I’ve been involved with WW (formerly Weight Watchers) since about 1970 when my mother took me to a meeting because she wanted to lose weight and didn’t want to go alone. Don’t get me wrong, I needed to lose weight too but I didn’t really feel like going on a “diet” again. I was 15 years old, about 20 lbs. overweight (though I was made to feel like I was 200 lbs. overweight!). I didn’t have the wherewithal to refuse her.
My father, always slim and never one to comment on anyone’s physical appearance, used to drive us to the church that had the basement where the meetings were held. I suppose this readied me for the many (future) years of sitting in 12-step meetings and town-hall community gatherings. I learned a lot about nutrition at those meetings and I was very inspired by our leader, a tall, funny many who had lost over 100 lbs. My favorite of all his “pep rallies” where the ones where he told us the Jean Nidetch (co-founder of WW) story. I think I might have at some point been present at some event where Ms. Nidetch spoke but I cannot say if this is true or just some fantasy of mine.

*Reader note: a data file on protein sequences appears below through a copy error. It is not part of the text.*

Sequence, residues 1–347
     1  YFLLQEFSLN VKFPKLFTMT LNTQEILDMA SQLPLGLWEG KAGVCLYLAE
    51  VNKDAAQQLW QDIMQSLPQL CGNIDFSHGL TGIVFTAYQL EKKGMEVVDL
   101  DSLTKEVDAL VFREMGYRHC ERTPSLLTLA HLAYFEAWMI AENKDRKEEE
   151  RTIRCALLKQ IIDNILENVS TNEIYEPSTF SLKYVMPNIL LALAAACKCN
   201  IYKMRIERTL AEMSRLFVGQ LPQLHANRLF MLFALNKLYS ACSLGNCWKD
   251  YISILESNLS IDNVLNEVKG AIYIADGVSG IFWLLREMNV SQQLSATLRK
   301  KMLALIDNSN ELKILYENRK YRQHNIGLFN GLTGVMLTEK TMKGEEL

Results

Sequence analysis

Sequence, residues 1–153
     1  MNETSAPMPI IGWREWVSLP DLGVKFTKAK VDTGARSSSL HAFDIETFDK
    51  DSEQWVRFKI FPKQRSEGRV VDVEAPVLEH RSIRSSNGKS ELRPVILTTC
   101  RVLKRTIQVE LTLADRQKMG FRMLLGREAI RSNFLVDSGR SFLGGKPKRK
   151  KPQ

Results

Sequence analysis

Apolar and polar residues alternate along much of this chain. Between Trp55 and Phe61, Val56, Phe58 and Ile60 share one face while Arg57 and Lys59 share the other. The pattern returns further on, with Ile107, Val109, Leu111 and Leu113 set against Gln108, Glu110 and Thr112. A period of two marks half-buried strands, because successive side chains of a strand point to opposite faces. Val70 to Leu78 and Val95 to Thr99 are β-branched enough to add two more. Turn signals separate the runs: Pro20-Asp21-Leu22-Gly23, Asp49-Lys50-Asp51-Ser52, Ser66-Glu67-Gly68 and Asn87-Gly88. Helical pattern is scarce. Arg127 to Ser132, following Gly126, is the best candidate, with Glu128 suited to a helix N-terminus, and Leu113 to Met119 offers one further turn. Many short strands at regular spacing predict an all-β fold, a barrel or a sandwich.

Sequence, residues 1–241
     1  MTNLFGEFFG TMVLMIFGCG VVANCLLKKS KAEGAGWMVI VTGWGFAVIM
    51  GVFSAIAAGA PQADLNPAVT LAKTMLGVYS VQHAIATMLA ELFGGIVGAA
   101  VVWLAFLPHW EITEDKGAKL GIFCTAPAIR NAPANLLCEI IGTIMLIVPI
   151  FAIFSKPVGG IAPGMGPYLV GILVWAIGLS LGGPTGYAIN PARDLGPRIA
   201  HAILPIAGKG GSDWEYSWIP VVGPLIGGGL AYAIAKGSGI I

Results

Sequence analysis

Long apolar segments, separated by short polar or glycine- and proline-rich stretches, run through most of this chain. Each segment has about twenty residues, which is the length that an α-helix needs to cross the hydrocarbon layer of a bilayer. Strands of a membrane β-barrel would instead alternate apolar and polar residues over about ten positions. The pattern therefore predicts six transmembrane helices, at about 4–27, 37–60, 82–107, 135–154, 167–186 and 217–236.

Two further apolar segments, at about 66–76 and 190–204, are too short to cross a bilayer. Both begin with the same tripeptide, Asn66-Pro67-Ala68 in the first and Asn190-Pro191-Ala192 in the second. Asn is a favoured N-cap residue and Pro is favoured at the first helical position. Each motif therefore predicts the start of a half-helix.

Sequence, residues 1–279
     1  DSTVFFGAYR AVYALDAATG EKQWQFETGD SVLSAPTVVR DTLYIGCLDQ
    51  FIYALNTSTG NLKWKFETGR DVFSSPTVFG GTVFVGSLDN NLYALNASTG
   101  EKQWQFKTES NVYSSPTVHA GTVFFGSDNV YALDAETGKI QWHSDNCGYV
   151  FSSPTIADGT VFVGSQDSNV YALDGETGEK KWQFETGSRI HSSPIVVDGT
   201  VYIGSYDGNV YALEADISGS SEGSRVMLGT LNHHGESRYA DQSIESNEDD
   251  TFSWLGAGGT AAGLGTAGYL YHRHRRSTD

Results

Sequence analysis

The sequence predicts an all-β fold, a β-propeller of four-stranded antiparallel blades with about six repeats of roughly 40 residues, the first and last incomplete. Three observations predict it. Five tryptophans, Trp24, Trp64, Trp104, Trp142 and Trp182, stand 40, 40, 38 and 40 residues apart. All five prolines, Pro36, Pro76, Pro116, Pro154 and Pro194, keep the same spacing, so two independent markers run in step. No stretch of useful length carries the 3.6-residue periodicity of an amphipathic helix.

I, like millions of other people, have gained and lost hundreds of pounds in my life. Today, I am getting ready to close out 2019, not as heavy as I was at the end of 2017 but heavier than I thought I would be at this time. I am disappointed but I do not feel like throwing in the towel. I just watched an old clip of Ms. Nidetch accepting the Horatio Alger award in 1989. I am newly inspired by her words and will pretend that I am going to be a Horatio Alger award recipient in the future and need to lose weight for the occasion. Everything and nothing works, this too, I know.
So as we start the new year 2020, let us begin with optimism, accompanied by all the tools that are available for us to have success. Ms Nidetch’s story is certainly worth reading about.
Best wishes, may all your projects come to fruition in the new year.
Picture of book my own